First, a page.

When a security incident occurs, it is unlikely that the entire scope and chain of events will be obvious from the outset. More often, it is a single indicator or security alert which provides the first inkling that something is wrong. This is especially true for more advanced, complex, or targeted attacks. It is the security team’s responsibility to take that small, possibly benign event, and determine if it is indeed an incident (triage), and if so, the full scope and impact of the incident (investigation).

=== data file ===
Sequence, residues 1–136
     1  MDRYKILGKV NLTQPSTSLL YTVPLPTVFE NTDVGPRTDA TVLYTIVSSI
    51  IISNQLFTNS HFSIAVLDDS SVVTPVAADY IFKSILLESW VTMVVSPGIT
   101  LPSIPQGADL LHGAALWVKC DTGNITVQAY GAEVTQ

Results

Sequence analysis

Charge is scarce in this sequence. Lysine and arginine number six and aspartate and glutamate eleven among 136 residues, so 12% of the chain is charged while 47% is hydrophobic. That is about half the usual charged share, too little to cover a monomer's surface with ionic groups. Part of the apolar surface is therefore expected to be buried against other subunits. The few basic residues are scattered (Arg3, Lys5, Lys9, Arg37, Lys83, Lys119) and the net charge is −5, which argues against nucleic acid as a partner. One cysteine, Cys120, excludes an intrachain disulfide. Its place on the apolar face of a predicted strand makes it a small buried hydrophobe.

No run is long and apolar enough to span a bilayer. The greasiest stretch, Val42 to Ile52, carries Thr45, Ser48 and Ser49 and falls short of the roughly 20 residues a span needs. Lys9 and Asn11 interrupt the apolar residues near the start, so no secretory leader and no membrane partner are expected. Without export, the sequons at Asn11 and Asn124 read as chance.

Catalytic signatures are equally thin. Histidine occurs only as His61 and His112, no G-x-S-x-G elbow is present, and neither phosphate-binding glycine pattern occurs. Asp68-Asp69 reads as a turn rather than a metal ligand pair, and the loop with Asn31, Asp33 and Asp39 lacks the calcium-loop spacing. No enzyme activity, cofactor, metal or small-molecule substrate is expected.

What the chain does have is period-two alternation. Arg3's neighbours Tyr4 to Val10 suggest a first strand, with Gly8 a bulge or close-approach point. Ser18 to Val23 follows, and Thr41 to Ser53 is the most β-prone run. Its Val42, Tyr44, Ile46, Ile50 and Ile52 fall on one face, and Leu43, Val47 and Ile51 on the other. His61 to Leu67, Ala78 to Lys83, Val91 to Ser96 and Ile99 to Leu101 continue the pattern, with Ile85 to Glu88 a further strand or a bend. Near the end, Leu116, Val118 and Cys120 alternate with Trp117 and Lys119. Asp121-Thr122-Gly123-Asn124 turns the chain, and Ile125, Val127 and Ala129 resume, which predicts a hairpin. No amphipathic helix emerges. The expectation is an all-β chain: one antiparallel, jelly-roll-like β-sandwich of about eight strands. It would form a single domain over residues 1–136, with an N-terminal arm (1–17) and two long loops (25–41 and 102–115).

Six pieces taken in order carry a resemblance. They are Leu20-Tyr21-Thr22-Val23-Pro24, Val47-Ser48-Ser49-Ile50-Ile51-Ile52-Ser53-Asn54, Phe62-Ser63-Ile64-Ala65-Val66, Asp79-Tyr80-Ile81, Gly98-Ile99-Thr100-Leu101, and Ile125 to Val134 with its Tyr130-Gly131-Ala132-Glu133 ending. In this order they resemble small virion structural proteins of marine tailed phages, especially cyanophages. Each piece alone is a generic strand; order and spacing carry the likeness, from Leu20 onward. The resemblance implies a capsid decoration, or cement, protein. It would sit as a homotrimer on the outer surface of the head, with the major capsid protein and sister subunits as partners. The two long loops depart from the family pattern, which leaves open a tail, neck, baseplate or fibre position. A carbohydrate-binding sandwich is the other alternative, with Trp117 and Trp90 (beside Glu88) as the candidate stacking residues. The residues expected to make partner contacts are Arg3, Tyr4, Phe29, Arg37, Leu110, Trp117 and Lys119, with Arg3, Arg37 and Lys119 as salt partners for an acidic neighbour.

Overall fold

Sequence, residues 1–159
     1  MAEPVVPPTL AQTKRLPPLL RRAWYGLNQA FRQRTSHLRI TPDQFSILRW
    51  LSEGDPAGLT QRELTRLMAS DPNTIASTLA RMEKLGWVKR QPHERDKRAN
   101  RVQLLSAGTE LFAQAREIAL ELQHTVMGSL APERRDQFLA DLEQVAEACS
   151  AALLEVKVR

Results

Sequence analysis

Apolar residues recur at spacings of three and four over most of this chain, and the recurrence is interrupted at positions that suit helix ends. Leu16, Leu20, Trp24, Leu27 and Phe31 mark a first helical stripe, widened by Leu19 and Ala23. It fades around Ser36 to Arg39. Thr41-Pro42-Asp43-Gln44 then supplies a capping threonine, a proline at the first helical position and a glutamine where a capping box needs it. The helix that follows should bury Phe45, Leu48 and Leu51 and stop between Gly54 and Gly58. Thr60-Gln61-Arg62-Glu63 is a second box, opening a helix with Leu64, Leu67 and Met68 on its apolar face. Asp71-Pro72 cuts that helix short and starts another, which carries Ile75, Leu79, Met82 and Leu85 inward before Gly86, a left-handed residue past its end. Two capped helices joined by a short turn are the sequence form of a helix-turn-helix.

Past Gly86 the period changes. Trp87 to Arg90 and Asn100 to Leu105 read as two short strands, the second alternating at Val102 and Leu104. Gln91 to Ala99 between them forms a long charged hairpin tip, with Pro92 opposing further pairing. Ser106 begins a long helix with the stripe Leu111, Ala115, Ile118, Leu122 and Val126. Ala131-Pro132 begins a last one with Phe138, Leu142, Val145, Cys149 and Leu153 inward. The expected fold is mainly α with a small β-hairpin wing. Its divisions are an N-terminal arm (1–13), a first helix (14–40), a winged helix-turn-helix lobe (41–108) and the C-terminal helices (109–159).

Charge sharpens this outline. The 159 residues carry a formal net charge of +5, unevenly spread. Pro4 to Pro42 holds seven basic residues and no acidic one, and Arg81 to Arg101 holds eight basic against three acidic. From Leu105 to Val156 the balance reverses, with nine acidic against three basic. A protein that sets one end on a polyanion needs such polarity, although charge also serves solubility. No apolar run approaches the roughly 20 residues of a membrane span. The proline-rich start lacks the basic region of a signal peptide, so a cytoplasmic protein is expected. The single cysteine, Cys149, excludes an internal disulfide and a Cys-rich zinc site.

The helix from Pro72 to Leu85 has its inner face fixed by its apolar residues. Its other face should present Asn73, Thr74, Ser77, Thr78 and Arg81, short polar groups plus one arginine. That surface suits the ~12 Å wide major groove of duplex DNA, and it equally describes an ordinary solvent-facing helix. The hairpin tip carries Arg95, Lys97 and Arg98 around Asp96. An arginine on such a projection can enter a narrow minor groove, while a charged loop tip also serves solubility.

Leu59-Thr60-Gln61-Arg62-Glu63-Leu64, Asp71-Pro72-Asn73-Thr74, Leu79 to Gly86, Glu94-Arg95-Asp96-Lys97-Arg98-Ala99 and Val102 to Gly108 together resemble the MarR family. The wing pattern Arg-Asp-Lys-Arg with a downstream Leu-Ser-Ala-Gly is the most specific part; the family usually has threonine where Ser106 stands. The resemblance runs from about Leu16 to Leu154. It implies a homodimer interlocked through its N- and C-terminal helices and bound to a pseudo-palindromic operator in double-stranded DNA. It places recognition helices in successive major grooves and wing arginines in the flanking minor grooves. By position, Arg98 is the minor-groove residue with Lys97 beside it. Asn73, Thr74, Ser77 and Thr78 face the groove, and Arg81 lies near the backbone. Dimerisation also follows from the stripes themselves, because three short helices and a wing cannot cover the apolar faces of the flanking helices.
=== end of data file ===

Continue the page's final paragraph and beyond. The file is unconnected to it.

Security teams often rely on threat intelligence during both the triage and investigation stages of an event. This information can be critical in determining the veracity of an alert and then pivoting from that first indicator to quickly determine the scope of the potential cyber security incident. For example, an endpoint alert for a suspicious file may provide a hash value, but little else. Manual analysis of the file will likely provide additional indicators, however, very few organizations have the time or resources to manually analyze each suspicious file they encounter. Threat intelligence can quickly add context to that first hash indicator; perhaps informing analysts that that file is a known dropper for another malicious file which may not have been detected by the endpoint solution, as well as providing IP addresses or domains to which the dropped file is known to have communicated with in the past. Online sandboxes can also be used to provide this kind of threat intelligence in near real-time, much faster and more cost-effectively than manual analysis.